THEN – HISTORY
Kungsholmen has undergone several major transformations in recent history. The second half of the 19th century saw the development of large city blocks with residential buildings made of stone, which still remain today.
THE GROWING CITY
During the first half of the 20th century, the factory buildings of the industrial era began to disappear and were gradually replaced by public institutions and new housing. To meet the rapid population growth, Fredhäll and Kristineberg were constructed according to the functionalist model of urban planning. The Stockholm subway system was inaugurated in 1950 and Kungsholmen was included two years later when the line was extended towards the suburb Vällingby. Another line with stops in Kungsholmen was added at a later stage. Due to the post-war economic upswing, the character of central Stockholm was transformed at a furious pace during the 1960s. As people poured in from the countryside, new housing was developed alongside multistorey parking garages and office buildings to fulfill the demands of modern life.
The Construction of the Trygg Hansa property
During the same period, the Swedish insurance industry experienced several consolidations. Through a large-scale merger between different insurance companies in the 1960s and early 1970s, the new insurance giant Trygg Hansa was formed, a corporate group spread across 14 offices. To integrate business operations, the company acquired the Brädstapeln site, at that time a parking lot. The Tengbom architectural firm was hired to oversee the new construction. Together with a committee consisting of Trygg Hansa management and staff, the architects traveled to Germany and the United States to study the latest trends in office design. They returned to Sweden with new impressions and the ambition to create something out of the ordinary. The chief architects Anders Tengbom and Stefan Salomon jointly drew up a building proposal in the then prevailing architectural style of brutalism. The park and rooftop gardens were designed by Stockholm’s head gardener, Holger Blom. The first steps in the process of constructing the Trygg Hansa property had been taken.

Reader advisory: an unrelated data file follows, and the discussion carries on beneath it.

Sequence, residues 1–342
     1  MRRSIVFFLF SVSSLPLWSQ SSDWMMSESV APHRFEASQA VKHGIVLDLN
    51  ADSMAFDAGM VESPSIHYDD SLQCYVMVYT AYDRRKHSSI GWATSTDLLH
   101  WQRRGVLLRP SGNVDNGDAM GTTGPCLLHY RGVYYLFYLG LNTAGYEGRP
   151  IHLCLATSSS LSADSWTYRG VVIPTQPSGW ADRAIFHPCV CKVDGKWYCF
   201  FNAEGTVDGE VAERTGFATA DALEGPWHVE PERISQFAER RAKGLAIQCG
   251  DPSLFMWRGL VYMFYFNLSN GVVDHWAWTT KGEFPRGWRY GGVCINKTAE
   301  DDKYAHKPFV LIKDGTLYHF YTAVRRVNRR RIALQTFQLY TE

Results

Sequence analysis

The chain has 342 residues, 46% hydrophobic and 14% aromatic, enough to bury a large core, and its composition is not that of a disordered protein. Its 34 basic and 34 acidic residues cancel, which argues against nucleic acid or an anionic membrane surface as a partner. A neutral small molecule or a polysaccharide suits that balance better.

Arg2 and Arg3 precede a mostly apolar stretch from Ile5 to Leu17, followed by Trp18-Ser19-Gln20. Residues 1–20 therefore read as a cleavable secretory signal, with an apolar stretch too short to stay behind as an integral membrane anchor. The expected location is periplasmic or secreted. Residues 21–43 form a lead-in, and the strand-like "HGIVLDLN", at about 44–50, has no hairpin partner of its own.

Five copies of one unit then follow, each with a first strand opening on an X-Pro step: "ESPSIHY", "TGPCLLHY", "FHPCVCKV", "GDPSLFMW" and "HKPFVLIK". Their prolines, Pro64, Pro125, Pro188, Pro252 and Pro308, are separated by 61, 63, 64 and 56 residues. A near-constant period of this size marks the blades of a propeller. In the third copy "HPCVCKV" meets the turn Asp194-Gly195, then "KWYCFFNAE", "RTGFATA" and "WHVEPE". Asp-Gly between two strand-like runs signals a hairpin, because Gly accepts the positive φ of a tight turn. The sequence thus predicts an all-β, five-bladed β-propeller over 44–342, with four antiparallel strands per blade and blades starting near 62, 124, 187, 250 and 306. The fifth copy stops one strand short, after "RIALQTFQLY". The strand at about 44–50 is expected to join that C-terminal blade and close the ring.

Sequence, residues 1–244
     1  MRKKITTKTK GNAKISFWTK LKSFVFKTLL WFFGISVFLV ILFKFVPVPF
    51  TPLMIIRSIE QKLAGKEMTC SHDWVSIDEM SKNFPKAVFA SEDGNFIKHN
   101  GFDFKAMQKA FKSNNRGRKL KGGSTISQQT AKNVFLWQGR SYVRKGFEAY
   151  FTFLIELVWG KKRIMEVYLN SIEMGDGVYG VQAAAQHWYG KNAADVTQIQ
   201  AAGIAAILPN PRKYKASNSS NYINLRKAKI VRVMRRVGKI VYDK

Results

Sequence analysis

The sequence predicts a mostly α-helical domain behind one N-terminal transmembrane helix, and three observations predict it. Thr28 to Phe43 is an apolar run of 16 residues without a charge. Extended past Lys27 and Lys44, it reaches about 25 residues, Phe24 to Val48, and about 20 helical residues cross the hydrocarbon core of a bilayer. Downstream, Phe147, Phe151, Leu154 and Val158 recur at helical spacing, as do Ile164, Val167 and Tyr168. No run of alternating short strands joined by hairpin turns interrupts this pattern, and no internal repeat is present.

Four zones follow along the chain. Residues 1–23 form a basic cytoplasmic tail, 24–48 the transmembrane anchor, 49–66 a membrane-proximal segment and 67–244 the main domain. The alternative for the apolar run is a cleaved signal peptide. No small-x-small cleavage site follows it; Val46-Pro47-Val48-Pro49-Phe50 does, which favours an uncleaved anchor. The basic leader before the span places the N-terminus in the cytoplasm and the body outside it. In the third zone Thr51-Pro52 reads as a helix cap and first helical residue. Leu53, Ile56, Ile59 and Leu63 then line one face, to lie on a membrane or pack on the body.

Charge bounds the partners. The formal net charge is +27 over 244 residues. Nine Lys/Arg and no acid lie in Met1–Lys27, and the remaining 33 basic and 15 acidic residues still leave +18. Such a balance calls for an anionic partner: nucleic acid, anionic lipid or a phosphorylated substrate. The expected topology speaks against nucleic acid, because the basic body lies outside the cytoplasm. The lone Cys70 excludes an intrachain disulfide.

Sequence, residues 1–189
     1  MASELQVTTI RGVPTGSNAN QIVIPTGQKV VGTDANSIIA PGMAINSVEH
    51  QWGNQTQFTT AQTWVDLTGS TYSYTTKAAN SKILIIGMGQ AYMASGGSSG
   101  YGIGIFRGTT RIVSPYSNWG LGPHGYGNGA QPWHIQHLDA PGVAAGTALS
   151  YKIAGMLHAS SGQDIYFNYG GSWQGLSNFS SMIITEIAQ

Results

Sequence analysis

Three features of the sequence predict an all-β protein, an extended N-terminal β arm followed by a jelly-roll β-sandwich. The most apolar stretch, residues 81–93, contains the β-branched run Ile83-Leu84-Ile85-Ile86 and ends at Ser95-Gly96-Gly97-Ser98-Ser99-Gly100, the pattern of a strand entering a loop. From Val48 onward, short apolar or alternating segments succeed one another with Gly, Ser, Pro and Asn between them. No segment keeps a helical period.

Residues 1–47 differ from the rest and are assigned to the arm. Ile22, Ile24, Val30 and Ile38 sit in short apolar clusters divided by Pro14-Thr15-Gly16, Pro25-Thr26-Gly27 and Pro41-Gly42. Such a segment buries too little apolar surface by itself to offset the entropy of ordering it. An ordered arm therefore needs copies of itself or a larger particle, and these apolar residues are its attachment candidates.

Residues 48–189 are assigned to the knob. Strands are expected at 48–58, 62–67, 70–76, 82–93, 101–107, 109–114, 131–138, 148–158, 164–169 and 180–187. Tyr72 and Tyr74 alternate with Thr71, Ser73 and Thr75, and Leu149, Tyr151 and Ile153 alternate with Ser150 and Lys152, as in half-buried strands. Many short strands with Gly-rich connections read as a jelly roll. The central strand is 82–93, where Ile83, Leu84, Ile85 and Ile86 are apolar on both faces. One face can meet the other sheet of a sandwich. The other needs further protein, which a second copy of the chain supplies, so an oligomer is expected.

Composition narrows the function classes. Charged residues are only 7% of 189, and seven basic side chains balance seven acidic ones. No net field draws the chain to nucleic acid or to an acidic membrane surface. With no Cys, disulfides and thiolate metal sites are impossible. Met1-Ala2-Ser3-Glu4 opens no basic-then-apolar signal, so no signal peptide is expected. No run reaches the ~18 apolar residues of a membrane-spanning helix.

A COMPREHENSIVE PROPOSAL
Tengbom and Salamon wanted to create a place of work which also enabled employees to carry out their day-to-day activities. As a result, the comprehensive architectural proposal included not only office space, but also shops, a bank, and a post office. After twelve years at the drawing board, four years of construction, and nine storeys later, the building complex was finally completed. In 1976, the Social Democratic Minister of Finance, Gunnar Sträng, inaugurated what was then considered one of the most lavish office buildings in Sweden. The Stockholm City Museum eventually blue-listed Brädstaplen, which means it is deemed to be of exceptional architectural and historical interest—a Swedish monument to brutalist functionalism.
Martin Rörby, a Swedish architectural historian, discusses the architecture of Brädstapeln and the concept of brutalism.
Blue listing is the highest classification of culturally and historically important architecture. On the website of the Stockholm City Museum (Stadsmuseet), there is detailed information on the different listings of the city’s buildings ›
Brutalism is an architectural style characterized by the use of raw concrete, and where the technical and functional requirements of a building determine its design. Read more about brutalism ›